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The OECD’s chief executive is confident of a global agreement on the taxation of multinationals

The OECD’s chief executive is confident of a global agreement on the taxation of multinationals

The OECD Secretary-General has expressed optimism that multinationals can reach a global agreement on taxation to ensure that countries will pay more taxes to U.S. technology companies to “increase the number of different unilateral measures”.

In an interview with the Financial Times, Mathias Cormann he added that the same internationalist principle should make the EU think twice before punishing countries with a different view of global warming before setting unilateral tariffs.

Failure in both areas, the former Australian finance minister said, would hurt growth and the recovery from the coronavirus crisis.

When Cormann took over Angel Gurría as secretary general of the international organization in June, he will be the most important element of his tray global negotiations on the taxation of multinationals.

The inability to reach an agreement has created what OECD officials call the “Wild West” with countries establishing their digital taxes which have nothing to do with international norms and which threaten to spark trade wars with the US.

“It is in the interest of the major companies involved to be able to deal with a coherent set of international rules, rather than face the proliferation of different unilateral measures,” Cormann told FT.

“I’m calmly optimistic because in the end, sense and sensitivity will prevail.”

The Biden administration has cooled transatlantic tensions this month, falling Washington’s insistence that U.S. companies participate in the global participatory tax framework is voluntary. The move has given a boost to talks, but does not guarantee success, mainly because the deal must ensure a majority in both houses of the U.S. Congress.

Cormann, however, was confident that an agreement could be quickly secured so that governments could receive more taxes from multinational corporations. The OECD’s proposals would generate more revenue for the U.S., as Washington would provide some ability to tax foreign multinationals, including large European luxury goods companies.

Without compromising on the OECD-led negotiations, it would probably open up different unilateral tax measures, greater disparities and a slower recovery from the pandemic, Cormann warned.

Michael Devereux, a professor of business tax at Oxford University, said the OECD agreement would “let the genius get out of the bottle” and be the start of wider reforms. This would prevent the “collapse” of the international tax system[ing] under the complexity of its tax rates and the weight of competition, ”he said.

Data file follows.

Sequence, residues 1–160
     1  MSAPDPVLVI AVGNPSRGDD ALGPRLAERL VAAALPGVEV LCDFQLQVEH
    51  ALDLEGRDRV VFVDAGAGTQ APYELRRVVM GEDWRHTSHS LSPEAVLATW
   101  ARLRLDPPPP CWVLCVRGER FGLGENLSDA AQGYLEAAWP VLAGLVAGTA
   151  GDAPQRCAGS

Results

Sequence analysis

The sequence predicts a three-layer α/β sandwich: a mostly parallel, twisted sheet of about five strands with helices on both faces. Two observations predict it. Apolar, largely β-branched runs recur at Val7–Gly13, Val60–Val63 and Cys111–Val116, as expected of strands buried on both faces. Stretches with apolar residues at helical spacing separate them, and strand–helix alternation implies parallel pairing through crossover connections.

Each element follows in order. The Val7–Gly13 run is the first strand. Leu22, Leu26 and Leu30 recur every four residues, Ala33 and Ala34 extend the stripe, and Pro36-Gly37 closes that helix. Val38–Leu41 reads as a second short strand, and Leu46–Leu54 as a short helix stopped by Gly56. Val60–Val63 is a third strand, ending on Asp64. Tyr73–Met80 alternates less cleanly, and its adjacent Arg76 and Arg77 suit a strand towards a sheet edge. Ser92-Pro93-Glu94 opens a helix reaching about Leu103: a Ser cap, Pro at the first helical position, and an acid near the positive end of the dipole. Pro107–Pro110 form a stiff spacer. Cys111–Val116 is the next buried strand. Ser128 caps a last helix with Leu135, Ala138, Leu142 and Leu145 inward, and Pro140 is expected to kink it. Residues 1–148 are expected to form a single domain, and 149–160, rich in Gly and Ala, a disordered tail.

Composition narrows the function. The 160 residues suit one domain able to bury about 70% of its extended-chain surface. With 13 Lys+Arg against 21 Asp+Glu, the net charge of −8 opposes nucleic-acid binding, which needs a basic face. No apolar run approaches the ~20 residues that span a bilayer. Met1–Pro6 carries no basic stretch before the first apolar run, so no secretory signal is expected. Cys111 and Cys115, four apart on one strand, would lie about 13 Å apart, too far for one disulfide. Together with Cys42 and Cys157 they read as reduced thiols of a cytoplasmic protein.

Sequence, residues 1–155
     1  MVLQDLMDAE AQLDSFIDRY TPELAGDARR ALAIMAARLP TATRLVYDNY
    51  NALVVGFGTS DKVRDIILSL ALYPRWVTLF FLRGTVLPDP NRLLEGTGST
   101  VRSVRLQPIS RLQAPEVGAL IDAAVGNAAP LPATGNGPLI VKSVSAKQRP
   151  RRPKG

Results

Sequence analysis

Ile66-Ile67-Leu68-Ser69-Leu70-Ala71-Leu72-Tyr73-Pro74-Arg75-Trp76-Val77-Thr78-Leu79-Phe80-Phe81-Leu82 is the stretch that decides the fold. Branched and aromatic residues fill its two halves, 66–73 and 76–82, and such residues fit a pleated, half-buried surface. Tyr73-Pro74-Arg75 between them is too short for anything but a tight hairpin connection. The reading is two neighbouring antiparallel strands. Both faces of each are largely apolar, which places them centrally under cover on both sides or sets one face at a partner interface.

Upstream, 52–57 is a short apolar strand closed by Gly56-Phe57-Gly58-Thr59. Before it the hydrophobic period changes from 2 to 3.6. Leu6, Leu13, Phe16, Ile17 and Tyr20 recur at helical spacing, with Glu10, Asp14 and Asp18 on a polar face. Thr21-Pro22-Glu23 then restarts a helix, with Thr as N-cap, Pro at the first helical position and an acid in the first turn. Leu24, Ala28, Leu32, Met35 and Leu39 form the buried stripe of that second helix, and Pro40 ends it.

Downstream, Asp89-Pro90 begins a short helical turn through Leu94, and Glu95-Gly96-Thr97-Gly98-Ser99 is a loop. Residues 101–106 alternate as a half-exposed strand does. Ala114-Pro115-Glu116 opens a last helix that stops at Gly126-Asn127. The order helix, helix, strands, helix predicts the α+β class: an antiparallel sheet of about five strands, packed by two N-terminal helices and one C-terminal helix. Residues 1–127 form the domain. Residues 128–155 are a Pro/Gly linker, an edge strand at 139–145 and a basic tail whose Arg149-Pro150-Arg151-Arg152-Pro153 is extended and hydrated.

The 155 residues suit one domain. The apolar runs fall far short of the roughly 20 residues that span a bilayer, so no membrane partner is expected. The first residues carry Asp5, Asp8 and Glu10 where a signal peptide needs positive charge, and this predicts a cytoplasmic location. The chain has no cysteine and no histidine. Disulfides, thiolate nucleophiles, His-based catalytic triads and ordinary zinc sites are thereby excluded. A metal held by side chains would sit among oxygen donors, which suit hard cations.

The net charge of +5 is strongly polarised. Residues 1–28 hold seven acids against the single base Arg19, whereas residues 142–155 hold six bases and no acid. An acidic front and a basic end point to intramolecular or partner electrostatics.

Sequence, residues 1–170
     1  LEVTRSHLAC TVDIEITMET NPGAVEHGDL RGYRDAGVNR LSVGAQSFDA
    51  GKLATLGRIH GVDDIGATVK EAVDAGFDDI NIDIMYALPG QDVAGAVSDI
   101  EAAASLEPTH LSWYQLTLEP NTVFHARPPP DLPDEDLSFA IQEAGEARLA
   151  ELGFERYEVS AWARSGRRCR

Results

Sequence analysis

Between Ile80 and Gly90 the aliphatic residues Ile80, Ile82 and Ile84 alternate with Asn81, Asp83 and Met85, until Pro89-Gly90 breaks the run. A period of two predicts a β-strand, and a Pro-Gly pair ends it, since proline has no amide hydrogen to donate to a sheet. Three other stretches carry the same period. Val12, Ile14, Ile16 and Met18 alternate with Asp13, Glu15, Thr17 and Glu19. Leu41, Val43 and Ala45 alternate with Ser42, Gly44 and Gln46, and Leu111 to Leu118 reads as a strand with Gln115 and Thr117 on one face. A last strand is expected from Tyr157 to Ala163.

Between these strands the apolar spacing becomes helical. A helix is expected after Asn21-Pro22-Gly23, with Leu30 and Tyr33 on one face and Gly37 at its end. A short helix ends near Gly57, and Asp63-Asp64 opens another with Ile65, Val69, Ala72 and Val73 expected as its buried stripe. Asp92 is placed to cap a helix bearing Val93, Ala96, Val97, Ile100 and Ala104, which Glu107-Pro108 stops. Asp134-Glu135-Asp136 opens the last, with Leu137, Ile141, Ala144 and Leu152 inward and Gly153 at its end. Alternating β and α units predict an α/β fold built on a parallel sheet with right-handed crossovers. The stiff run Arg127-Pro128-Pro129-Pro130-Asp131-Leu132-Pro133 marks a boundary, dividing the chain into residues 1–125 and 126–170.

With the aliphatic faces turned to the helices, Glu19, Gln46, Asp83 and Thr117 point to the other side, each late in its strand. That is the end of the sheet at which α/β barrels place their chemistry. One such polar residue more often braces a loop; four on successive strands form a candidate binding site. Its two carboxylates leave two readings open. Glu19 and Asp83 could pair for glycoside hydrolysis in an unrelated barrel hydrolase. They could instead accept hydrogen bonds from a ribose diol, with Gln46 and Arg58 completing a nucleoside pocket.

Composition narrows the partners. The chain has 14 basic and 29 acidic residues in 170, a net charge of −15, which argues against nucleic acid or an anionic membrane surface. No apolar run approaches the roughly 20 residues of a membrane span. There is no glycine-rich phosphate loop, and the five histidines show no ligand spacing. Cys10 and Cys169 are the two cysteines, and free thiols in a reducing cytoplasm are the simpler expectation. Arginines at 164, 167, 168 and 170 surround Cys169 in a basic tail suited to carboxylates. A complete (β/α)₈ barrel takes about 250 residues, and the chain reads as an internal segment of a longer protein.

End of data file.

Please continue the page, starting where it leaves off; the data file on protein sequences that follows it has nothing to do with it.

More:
Cormann will have the backing of the EU to push for a tax deal, but to criticize European plans carbon limit tax it will be so welcome about imports, reinforcing opinions that it is not serious about tackling climate change.

“At a time when we want to maximize the strength of the post-Covid recovery, the reintroduction of new trade tariffs would have implications for trade and the global economy,” he said.

“It would be much better for each jurisdiction to have the right burden to help achieve a global zero of zero without having to introduce new trade tariffs.”

Brussels will present in June detailed plans for a carbon limit adjustment mechanism designed to increase the cost of imports from non-EU countries that have not met Paris’s climate targets or committed to zero zero emissions.

The European Commission’s proposals are being closely watched by the bloc’s trade allies.

US Special Commissioner for Climate Affairs John Kerry has expressed concern that the EU should move forward with the border tax, and warned that this should be the case. “Last resort” in the global struggle to lower emissions.

Within the EU, France is one of the biggest champions of a border tax, but there is concern among small member states that it could lead to trade retaliation.

Cormann told the FT that nations need to pursue different approaches to meeting their emission reduction targets that take into account their specific circumstances, and warned governments to adopt prudent ways to unilaterally punish states that adopted different methods of tackling climate change.

Carbon limit taxes, Which the EU is looking at for companies that do not pay for emissions generated in their domestic markets, said it risks hurting global growth.

In 2014 Australia became the first developed country to repeal its national carbon tax, a policy Cormann described at the time as “an act of economic harm to itself”. Unlike many of its trading partners, Canberra has not committed to achieving zero net emissions by 2050.

“The Australian government’s record is much better than some critics believe. It has met and exceeded international emission reduction targets so far,” Cormann said, denying denials he said he was “climate skeptical”.

“I will do everything I can to get the best possible results and reach a global zero by 2050,” he said.

Cormann, a 50-year-old Conservative politician, narrowly beat former EU trade commissioner Cecilia Malmstrom last week in a competition for OECD secretary-general. He he overcame fierce opposition on the part of unions and environmental groups.

He said much of his visit to the Member States was of European origin – Cormann was born in Belgium before moving to Australia in 1996 and speaks several languages ​​- and the OECD’s ability to strengthen its vision in the Asia-Pacific region.

“Europe’s best interest is to focus the OECD on the Asia-Pacific,” Cormann said. “In terms of economic growth in the near future, it is a very important part of the world, but it is clear that many strategic, economic and trade policy issues also apply here.”

Additional report by Jim Brunsden in Brussels

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